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News > Trinidad and Tobago

Top FIFA Official Taken Down for Corruption, Embezzling

  • U.S. Department of Justice with running a criminal enterprise that involved more than $150 million in bribes.

    U.S. Department of Justice with running a criminal enterprise that involved more than $150 million in bribes. | Photo: Former FIFA vice president Jack Warner

Published 10 July 2019

One of the worst offenders in the sprawling FIFA corruption scandal, Jack Warner order to pay US$79 million by a New York court.

A former Caribbean soccer official implicated in the sprawling International Federation of Football Associations (FIFA) bribery scandal, will have to pay US$79 million in damages.


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U.S. District Judge William Kuntz ordered Jack Warner, now 76, to pay the amount for a 2017 civil action lawsuit accusing him of embezzling tens of millions of dollars from the Confederation of North, Central American and Caribbean Association Football (Concacaf). Failing to contest the charges, the judge made the order from a federal court in Brooklyn Tuesday.

The soccer association “intends to pursue all available avenues to enforce the judgment in any jurisdiction where Concacaf has reason to believe Mr. Warner may have assets,” prosecuting lawyer in the case, John Kuster said in a Wednesday statement.

Warner, is a main defendant in widespread investigation into FIFA for bribes and embezzlement. As far back as 2011, Warner was banned from serving any positions within international football federation after he was investigated for corruption by its ethics committee. Warner served on the federation’s executive committee since 1983 and was Concacaf president from 1990 until his forced resignation eight years ago. He also served as FIFA vice president.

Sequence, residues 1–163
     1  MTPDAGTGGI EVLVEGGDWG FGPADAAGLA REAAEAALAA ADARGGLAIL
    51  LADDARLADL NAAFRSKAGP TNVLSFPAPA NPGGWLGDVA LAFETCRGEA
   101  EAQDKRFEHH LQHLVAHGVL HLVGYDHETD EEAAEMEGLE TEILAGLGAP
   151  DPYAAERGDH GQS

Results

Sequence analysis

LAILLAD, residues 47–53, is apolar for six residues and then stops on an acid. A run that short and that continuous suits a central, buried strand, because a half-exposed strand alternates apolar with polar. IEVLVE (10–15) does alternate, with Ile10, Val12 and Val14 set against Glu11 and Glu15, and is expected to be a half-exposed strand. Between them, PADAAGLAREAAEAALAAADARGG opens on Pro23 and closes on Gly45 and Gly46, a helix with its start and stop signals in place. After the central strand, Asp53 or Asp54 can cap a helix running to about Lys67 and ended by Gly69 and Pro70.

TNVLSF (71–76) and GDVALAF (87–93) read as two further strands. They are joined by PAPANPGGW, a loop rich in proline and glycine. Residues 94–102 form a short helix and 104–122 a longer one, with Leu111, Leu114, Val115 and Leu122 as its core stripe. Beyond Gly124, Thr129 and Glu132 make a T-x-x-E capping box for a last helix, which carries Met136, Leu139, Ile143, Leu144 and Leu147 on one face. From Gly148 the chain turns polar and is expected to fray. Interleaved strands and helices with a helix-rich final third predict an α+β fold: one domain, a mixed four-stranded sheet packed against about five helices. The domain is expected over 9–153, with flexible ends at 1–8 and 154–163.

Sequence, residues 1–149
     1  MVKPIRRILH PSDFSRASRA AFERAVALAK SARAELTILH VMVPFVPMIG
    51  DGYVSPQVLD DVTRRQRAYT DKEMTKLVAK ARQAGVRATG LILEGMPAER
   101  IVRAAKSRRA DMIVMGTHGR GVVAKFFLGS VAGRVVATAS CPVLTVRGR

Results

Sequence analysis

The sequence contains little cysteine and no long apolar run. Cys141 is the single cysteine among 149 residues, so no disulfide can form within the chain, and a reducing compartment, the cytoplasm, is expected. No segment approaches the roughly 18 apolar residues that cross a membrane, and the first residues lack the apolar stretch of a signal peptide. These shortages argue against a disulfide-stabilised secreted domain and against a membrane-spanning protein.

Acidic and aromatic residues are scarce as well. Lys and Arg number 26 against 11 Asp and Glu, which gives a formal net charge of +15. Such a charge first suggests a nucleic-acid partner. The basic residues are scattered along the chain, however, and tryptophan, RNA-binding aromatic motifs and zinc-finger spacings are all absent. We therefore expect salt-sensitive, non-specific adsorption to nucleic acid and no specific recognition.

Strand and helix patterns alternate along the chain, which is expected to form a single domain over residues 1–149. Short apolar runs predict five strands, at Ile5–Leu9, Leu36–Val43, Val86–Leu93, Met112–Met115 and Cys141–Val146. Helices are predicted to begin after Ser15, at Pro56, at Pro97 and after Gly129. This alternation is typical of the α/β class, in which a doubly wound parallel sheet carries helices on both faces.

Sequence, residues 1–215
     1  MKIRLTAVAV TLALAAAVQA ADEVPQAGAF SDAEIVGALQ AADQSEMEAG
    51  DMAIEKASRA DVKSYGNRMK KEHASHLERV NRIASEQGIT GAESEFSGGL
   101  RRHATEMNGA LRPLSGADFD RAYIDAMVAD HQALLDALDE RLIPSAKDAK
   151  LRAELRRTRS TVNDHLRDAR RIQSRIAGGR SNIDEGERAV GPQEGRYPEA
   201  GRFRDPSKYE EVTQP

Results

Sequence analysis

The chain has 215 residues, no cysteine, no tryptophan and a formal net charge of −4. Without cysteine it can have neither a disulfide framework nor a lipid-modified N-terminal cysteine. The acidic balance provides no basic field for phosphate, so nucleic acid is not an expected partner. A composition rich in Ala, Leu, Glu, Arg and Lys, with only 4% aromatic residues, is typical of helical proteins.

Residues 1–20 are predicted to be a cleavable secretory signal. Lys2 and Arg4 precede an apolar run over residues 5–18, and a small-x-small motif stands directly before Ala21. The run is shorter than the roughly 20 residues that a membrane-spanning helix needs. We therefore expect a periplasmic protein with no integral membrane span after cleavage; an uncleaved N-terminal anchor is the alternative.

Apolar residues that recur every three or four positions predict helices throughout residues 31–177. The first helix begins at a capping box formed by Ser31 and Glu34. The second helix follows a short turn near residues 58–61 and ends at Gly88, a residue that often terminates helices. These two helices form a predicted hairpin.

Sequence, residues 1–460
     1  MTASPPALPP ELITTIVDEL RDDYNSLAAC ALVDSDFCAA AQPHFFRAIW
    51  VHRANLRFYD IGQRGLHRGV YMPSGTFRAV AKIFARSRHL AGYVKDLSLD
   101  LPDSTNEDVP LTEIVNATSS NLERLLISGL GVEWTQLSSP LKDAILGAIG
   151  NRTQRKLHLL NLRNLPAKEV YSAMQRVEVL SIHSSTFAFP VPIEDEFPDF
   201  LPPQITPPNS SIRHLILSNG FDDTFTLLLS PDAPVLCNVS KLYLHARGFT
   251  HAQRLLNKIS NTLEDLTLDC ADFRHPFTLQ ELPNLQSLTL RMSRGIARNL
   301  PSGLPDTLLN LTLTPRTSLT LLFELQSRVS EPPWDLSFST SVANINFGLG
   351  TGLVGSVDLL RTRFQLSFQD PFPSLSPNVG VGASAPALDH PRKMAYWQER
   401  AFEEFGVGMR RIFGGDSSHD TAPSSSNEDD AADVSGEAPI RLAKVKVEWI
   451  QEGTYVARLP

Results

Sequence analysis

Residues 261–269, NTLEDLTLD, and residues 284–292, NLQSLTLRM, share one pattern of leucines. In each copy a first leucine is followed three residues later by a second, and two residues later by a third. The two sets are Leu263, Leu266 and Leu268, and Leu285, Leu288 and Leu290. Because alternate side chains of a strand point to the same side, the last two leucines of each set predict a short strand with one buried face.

Warner is also wanted in his home country of Trinidad and Tobago, also on FIFA-related corruption charges. In 2006, the high-ranking football official embezzled an excess of a TT$173 million (over US$25 million under the current exchange rate) to the Trinidad and Tobago government for the nation’s participation in that year’s World Cup.

The New York suit accuses Warner of accepting a US$10 million payment, parts of which he dolled out to other FIFA authorities who were also part of the deal, for his vote to hold the 2010 World Cup in South Africa.

“Unsurprisingly, when the FIFA Executive Committee vote was held on May 15, 2004, South Africa was selected over Morocco to host the 2010 World Cup. Warner … voted for South Africa.”

Warner’s sons, Daryll and Daryan, pleaded guilty to fraud charges in the criminal case in 2013. They’re both out on bail though are still awaiting sentencing.

At least 23 other FIFA leaders based in South America and Europe have plead guilty to embezzling and kickbacks to the same New York court over the past several years. The U.S. Department of Justice has linked dozens of former FIFA officials to more than US$150 million in bribes.

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